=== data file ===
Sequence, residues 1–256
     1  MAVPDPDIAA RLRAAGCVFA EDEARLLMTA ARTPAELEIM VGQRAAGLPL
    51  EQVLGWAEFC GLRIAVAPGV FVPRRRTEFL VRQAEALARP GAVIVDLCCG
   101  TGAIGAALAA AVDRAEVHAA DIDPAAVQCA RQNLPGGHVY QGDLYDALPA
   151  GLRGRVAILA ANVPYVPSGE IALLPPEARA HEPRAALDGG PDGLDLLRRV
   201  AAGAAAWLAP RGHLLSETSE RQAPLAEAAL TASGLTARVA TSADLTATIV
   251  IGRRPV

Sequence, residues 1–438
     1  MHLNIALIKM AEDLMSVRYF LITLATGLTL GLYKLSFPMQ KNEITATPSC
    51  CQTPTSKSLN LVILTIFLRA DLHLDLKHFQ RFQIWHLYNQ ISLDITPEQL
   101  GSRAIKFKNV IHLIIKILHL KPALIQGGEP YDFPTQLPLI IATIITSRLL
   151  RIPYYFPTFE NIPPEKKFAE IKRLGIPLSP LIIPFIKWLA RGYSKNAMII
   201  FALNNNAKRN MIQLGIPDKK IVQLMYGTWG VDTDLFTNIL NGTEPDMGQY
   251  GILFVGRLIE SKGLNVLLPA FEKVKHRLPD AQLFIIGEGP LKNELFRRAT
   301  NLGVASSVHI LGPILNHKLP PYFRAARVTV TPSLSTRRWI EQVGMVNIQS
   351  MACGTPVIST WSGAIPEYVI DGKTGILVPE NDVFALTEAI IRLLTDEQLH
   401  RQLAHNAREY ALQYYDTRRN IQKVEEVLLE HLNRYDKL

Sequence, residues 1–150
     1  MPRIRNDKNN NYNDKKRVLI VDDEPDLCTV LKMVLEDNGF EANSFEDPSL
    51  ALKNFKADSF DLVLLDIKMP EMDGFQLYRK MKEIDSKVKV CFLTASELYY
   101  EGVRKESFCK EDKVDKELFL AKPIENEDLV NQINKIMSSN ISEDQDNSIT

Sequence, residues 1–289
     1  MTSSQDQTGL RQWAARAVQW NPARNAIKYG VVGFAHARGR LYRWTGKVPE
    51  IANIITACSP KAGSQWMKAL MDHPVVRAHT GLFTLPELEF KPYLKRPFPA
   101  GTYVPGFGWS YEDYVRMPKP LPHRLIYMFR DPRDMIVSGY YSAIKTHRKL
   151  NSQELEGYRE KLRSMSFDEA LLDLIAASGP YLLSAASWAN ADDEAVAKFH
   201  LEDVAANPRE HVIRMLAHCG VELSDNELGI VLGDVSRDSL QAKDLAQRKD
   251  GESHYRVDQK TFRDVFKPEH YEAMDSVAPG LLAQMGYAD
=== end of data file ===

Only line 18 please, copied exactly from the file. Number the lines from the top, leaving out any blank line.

Sequence, residues 1–150